One of the keys to profitability in any enterprise is customer loyalty. Yet few organizations measure customer loyalty in a structured way or seek to understand the underlying causes of customer attrition. This application is designed to do just that. The loyalty analysis of application measures customer loyalty with reference to the duration of the customer relationship; the range of services and products consumed by the customer; the frequency of purchases by the customer; the characteristics of loyal and disloyal customers; the rate of customer attrition; the extent of customer attrition; seasonal and cyclical factors that impact on customer attrition; the demographic, psychographic and geographic influences on customer attrition; and the attrition rates of customer in respect of individual products. By itself the loyalty analysis application measures and monitors customer loyalty and facilitates the development of customer retention programs. When combined with the full suite of applications the loyalty of customer can be assessed in the context of their value, their contact history, the segments they belong to and individual transaction events that may influence their loyalty.

Customer contact analysis

Analyzing customer contracts is an essential ingredient in maintaining the nurturing customer relationships.

Customers interact with organizations in many ways using different touch-points to initiate inquiries, makes complaints, tender compliments, provide feedback, reports faults or make suggestions. This information provides valuable insights into the behavior of the customer and the track record of the organization servicing the customer. Identifying the likely level of satisfaction or dissatisfaction of a customer can be clearly seen in the customer contact history of that individual. This application provides the capability to analyze the customer contact history of individual customers and study resolved and unresolved complaints; the number of positive and negative contacts; the time taken to resolve customer complaints and inquiries; and the response of customers to these interactions. Analyzing customer contacts is an essential ingredient in maintaining and nurturing customer relationships and preserving the loyalty of customers into the future.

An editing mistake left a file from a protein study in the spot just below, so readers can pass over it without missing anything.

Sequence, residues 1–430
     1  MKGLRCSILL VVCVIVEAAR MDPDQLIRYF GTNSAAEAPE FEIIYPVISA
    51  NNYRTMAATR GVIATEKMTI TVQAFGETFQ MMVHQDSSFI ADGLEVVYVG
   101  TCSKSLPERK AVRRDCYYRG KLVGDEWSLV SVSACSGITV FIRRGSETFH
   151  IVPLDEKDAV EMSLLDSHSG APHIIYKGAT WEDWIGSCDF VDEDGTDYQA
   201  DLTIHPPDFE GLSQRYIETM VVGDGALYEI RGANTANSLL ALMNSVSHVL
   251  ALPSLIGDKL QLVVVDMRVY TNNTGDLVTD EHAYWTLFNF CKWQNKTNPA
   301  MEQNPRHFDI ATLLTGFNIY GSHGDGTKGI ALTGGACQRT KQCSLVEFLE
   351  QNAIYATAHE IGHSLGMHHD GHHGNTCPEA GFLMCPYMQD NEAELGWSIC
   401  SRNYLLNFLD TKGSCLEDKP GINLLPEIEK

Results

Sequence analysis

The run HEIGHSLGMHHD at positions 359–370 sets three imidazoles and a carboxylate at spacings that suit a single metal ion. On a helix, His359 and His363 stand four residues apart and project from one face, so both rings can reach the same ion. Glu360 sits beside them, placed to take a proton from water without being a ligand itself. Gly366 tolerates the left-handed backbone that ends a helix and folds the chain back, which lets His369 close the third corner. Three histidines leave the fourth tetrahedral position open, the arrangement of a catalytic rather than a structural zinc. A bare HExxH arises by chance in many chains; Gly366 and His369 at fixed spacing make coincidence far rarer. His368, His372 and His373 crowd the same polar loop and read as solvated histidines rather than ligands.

Profitability analysis

Essential to understand profitability in all its dimensions.